Tilly says, “That was a [time when] your Christianity was a reality to be lived. I learned to say, ‘Don’t tell me that you are a Christian, let me see your walk.’ That was the best time, an experience that God is real. It’s easy to say God is real and God is good when you are surrounded with Christian people and everybody encourages everybody else. But if there is nobody to encourage you and actually gives you a hard time, it means a whole lot.”
After moving back to Edmonton, Tilly and her husband decided to come back to Central, and it has been her church home ever since.
About hospitality, Tilly notes, “The Lord wants us to speak to everybody that comes. My good friend Erica said, ‘You know, you talk to everybody.’ I said, ‘Erica, nobody has ever bit me!’ People are so friendly if you’re friendly to them. [When] people come to the church, they must be coming for some reason. They’re looking for something. If nothing else, they’re looking for friendship.” Tilly has extended herself to people who visit church, to be that friend.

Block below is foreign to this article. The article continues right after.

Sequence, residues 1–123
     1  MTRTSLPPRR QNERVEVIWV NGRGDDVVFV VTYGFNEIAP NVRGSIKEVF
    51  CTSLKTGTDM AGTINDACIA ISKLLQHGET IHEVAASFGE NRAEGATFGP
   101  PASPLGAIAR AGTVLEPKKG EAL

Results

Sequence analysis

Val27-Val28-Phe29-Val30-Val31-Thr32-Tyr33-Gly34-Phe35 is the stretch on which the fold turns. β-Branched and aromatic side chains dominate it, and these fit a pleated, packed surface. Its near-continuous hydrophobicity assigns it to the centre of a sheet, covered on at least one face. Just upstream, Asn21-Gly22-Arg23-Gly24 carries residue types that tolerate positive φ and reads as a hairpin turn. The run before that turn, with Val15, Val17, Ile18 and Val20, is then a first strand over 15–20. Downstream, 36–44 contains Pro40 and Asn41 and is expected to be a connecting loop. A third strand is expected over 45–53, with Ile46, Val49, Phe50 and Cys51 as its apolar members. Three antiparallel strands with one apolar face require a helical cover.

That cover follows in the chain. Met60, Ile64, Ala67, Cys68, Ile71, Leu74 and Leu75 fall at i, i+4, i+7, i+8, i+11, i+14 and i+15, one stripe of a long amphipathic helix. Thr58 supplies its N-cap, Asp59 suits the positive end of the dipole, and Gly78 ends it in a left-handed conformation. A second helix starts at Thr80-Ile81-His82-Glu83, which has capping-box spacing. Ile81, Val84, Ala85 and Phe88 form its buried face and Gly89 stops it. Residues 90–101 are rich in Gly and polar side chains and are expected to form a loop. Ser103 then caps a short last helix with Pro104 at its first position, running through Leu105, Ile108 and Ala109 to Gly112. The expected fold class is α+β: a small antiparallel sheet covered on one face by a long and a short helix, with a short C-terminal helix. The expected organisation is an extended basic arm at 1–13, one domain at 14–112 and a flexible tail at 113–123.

How have you served in the church?
Because of Tilly’s experience as a six-year-old girl, greatly impacted by the teaching of the Word, she has had a heart for children’s work. She has made a point of working with children in every church she has attended.
As she said, in light of the time she gave her life to Christ after hearing the teaching about Daniel, “When I think back now all these little kids [might] make that decision and nobody else sees anything different. But because we were reading the Word at home, the Word became real to me. And still is.”